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Leon Draisaitl of the Oilers, Nathan MacKinnon of the Avalanche, and Artemi Panarin of the Rangers have been announced as the finalists for the 2019-20 Ted Lindsay Award, which is given “to the most outstanding player in the NHL.”

The is voted on by fellow members of the NHL Players’ Association. Lightning forward Nikita Kucherov won the award last season.

Draisaitl and Panarin are first-time finalists, while this is the second time that MacKinnon is up for the award. The winner will be announced at some point during the conference finals.

[2020 NHL Stanley Cup Qualifiers schedule]

The case for Leon Draisaitl: The 2019-20 Art Ross Trophy winner, Draisaitl led the NHL with 110 points and finished third in the league with 43 goals. He played every game for the Oilers this season and was first in points per game (1.55), assists (67), and power play points (44). He was second in power play goals (16) behind David Pastrnak and second in even strength points (66) behind Panarin. A win would mark the third time the Oilers have taken home the award in the last four seasons. Connor McDavid was voted the TLA winner in 2016-17 and 2017-18.

The case for Nathan MacKinnon: After missing only one game for the Avalanche this season, MacKinnon finished fourth with 93 points and led his team in scoring by 43 points. He was also seventh in goals (35), third overall in even strength points 962), fourth in power play points (31), and fifth in points per game (1.35). The 2019-20 season was the third straight year he finished with at least 35 goals and 90 points. It was also the third consecutive season he finished with exactly 58 assists. He would become only the second player in franchise history to win the award following Joe Sakic in 2000-01.

The case for Artemi Panarin: The Bread Man’s first year on Broadway was nothing short of spectacular. He set career highs in goals (32), assists (63), and points (95), led the NHL in even strength points (71), and was third in points per game (1.38). Prolific in production, he recorded points streaks of 12 and 13 games this season. He would become the second Ranger to win the award joining Jaromir Jagr (2005-06).

NHL AWARD FINALISTS ANNOUNCEMENT DATES
• Wednesday, July 15: Jack Adams Award, Calder Trophy
• Thursday, July 16: Lady Byng Trophy, Masterton Trophy
• Friday, July 17: Willie O’Ree Award, Vezina Trophy
• Monday, July 20: Norris Trophy, Selke Trophy
• Tuesday, July 21: Hart Trophy

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Sean Leahy is a writer for Pro Hockey Talk on NBC Sports. Drop him a line at phtblog@nbcsports.com or follow him on Twitter @Sean_Leahy.

Oilers remember Colby Cave as training camp opens

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As the Oilers skated for the first time together since the March 12 NHL pause, Colby Cave looked on from above.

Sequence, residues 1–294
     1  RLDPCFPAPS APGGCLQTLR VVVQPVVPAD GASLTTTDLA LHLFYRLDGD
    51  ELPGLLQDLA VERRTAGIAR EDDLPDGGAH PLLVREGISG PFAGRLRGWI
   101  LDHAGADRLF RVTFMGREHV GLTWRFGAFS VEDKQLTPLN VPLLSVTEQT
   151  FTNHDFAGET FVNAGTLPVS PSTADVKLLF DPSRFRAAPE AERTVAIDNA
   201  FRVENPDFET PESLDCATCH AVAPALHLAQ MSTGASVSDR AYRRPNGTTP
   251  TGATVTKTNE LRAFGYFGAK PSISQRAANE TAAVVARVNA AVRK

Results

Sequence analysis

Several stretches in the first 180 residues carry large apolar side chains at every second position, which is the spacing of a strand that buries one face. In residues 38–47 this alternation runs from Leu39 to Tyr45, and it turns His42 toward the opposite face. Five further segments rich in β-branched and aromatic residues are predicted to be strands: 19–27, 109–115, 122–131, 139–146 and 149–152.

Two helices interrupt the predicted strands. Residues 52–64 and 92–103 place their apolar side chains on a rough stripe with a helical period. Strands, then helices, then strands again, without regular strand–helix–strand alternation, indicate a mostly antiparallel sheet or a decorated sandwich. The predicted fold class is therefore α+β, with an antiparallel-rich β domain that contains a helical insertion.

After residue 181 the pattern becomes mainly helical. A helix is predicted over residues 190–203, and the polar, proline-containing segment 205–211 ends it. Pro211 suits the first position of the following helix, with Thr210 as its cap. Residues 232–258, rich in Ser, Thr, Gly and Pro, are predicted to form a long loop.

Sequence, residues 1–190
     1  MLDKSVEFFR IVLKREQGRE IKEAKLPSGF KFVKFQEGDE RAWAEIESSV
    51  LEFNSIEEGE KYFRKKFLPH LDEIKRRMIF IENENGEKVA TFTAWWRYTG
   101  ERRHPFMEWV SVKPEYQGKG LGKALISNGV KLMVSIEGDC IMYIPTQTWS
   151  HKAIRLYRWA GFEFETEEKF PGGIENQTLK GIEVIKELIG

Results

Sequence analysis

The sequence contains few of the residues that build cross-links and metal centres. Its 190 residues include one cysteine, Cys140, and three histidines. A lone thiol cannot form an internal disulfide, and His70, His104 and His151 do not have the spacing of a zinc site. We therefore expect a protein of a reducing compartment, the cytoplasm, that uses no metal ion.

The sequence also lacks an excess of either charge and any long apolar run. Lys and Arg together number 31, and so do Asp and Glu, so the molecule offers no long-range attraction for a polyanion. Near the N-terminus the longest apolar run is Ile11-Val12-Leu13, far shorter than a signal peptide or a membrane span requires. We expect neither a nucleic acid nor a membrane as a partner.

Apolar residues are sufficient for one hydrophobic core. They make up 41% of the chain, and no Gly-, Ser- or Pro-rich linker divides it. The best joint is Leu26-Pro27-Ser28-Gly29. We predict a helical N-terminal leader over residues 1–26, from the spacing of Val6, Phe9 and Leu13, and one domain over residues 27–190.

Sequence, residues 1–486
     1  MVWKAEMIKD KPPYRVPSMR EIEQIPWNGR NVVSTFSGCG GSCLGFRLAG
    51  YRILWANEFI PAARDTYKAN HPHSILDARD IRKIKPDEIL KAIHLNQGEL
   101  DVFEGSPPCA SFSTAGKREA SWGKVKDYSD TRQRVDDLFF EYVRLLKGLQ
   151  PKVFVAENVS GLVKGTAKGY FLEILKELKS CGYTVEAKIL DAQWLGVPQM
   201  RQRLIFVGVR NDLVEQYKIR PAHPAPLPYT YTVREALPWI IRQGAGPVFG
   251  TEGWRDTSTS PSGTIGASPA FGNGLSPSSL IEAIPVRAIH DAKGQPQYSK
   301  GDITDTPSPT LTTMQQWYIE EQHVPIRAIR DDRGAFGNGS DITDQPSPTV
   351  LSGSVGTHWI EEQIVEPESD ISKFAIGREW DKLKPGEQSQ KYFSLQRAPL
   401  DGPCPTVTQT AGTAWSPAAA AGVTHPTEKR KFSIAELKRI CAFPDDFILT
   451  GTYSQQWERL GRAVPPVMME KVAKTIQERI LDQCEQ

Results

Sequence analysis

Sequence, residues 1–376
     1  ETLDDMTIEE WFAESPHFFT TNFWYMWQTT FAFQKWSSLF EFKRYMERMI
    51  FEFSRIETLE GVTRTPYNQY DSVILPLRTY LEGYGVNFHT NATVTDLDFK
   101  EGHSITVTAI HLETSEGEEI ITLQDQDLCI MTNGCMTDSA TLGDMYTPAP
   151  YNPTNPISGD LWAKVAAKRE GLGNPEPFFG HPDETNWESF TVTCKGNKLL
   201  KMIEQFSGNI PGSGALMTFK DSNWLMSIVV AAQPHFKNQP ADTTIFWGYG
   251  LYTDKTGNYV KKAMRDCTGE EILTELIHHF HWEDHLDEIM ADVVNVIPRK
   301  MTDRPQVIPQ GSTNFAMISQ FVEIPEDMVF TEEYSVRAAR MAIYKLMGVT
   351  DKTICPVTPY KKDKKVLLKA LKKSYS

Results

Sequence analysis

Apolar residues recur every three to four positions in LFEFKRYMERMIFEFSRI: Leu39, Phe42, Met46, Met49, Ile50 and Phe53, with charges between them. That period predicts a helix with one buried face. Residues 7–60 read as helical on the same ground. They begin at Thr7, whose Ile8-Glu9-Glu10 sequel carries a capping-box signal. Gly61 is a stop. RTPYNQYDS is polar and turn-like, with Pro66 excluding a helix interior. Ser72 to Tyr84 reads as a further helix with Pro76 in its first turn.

With Rogers Place sporting some fresh ice, the image of the late Cave was on the scoreboard as the Oilers practiced Monday as training camps opened for the 24-team Return to Play.

Cave, 25, died April 11 after suffering a brain bleed. He was set to be one of the team’s Black Aces when play resumed.

“Colby was an unbelievable young man, great teammate. Obviously a friend to everybody in our locker room,” said Tippett. “He would be with us today if he hadn’t passed. He planned to be with our group. He’s with us in spirit.”

[Related: Cooper Marody honors late Colby Cave with tribute song]

The Oilers are preparing for their best-of-five Stanley Cup Qualifier series against the Oilers, which begins Aug. 1. Cave played 44 games with the Oilers in the last two seasons and spent most of 2019-20 with AHL Bakersfield. He had many friends on the roster, and his teammates will use his memory as inspiration going forward.

“This is first time we’ve all been together in a big group since Colby passed,” said Oilers captain Connor McDavid. “Those emotions are still fresh, and it makes it even more real now that we’re all together and he’s not able to join us. He’s going to be in our thoughts and in our hearts as we go forward and move through training camp and into the [playoffs], and hopefully, go on a deep run here.

“We’re going to play for Colby, and he’ll be with us throughout.”

MORE: Day 1 of NHL training camps: Uncertainty about Crawford, and more

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Sean Leahy is a writer for Pro Hockey Talk on NBC Sports. Drop him a line at phtblog@nbcsports.com or follow him on Twitter @Sean_Leahy.

PHT Morning Skate: Toews on COVID-19; Olympic roster projections

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Welcome to the PHT Morning Skate, a collection of links from the NHL and around the hockey world. Have a link you want to submit for the PHT Morning Skate? Email us at phtblog@nbcsports.com.

Jonathan Toews on COVID-19: “Does anybody really know how and when people catch this thing? The best you can do is get good rest, eat healthy, take care of your body, do the little things that lower your chances. What else can you do? Sitting around and worrying about it is just going to drive you crazy. The NHL’s gone to great lengths to create a safe environment. It’s far from perfect, but everyone has their own beliefs in seeing where they stand with all this.” [Sun-Times]

• Blackhawks forward Andrew Shaw, who last played Nov. 30 and has been out with concussion issues, said he will not return this season but plans to come back in 2020-21. [NBC Sports Chicago]

• Panthers assistant coach Mike Kitchen, 64, has opted out of the rest of this season. [TSN]

Alex Ovechkin‘s contract expires next summer. Is he thinking about an extension? “Not even talking, not even thinking about it because right now we have lots of stuff to do.” [NBC Sports Washington]

• Olympic Talk projects the 2022 Olympics rosters for Canada and the U.S.

• Can Oshie, other established Olympic hockey stars hold on for 2022? [Olympic Talk]

• How Edmonton won the bid to be one of the NHL’s two hub cities. [Edmonton Journal]

• Mikhail Grigoreko’s one-year, $1.2 million deal that was voided back in April was approved Monday. [Sportsnet]

• A flat cap will cause plenty of headache for Jim Benning and the Canucks. [Sportsnet]

• If Brock Boeser is indeed on the trading block, how aggressively should the Wild pursue the Canucks forward? [Hockey Wilderness]

• A pair of UMass Boston hockey players are going to inline skate from Boston to Michigan to raise money for the American Cancer Society. [WCVB]

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Sean Leahy is a writer for Pro Hockey Talk on NBC Sports. Drop him a line at phtblog@nbcsports.com or follow him on Twitter @Sean_Leahy.